But let's remember you're dealing with 2015 Republicans like John Boehner, who are never reasonable. Steve Benen:
The Highway Trust Fund, which plays a central role in financing U.S. infrastructure projects, is financed through a federal gas tax. It’s been a pretty effective system, at least up until recently – the current tax hasn’t changed in more than two decades, and as a result, American investment in infrastructure has fallen to its lowest point since 1947. Making matters slightly worse, the Highway Trust Fund is on track to run out of money in May.
The simple, efficient, and painfully obvious solution is to approve an overdue increase to the gas tax – with prices at the pump already having plummeted, this is an ideal time – which would bolster the fund, boost investments, and help both the economy and our infrastructure, which even Republicans concede is currently “on life support.”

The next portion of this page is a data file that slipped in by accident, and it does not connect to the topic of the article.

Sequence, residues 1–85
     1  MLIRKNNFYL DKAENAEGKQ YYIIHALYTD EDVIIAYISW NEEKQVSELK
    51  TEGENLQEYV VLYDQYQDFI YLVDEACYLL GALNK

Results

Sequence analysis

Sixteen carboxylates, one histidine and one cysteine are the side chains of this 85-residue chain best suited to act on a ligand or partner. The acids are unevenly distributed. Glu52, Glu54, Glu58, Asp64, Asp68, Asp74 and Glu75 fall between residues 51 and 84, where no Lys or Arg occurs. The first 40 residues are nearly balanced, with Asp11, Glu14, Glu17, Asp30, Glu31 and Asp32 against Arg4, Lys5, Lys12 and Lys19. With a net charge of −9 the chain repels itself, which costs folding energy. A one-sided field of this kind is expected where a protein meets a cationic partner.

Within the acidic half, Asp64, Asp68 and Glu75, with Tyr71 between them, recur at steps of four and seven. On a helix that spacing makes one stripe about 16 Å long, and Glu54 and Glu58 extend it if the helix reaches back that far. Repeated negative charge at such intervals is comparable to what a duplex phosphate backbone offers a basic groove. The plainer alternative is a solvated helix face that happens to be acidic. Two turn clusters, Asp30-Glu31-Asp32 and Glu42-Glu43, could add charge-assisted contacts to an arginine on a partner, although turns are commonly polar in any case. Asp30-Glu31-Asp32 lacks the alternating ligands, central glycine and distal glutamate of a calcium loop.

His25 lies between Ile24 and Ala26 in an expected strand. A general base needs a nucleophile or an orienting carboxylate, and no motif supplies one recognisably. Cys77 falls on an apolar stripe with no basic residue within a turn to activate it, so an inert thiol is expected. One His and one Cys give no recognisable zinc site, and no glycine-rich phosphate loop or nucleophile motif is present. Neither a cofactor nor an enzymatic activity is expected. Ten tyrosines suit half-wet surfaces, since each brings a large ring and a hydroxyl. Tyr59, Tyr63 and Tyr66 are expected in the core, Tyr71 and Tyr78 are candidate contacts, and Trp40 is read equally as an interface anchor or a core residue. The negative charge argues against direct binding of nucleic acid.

Indeed, while Democratic support for an overdue gas-tax increase comes as no surprise, some conservative GOP lawmakers also agree that we don’t have much of a choice.
But oh well, John Boehner won't even allow that up for a vote in the House.
Asked for further clarification, Boehner spokesman Michael Steel told Greg Sargent, “The Speaker doesn’t support a gas tax hike. Period.”
Now Orange Julius does concede that somebody has to pay for the Highway Trust Fund, or thousands of construction jobs will be lost this summer and our interstate highways won't get repaired. The obvious and easy way is to bump up the gas tax.
But that won't happen. What will happen? We don't know, that's up to Republicans.
Good luck with that whole "governance" thing, boys.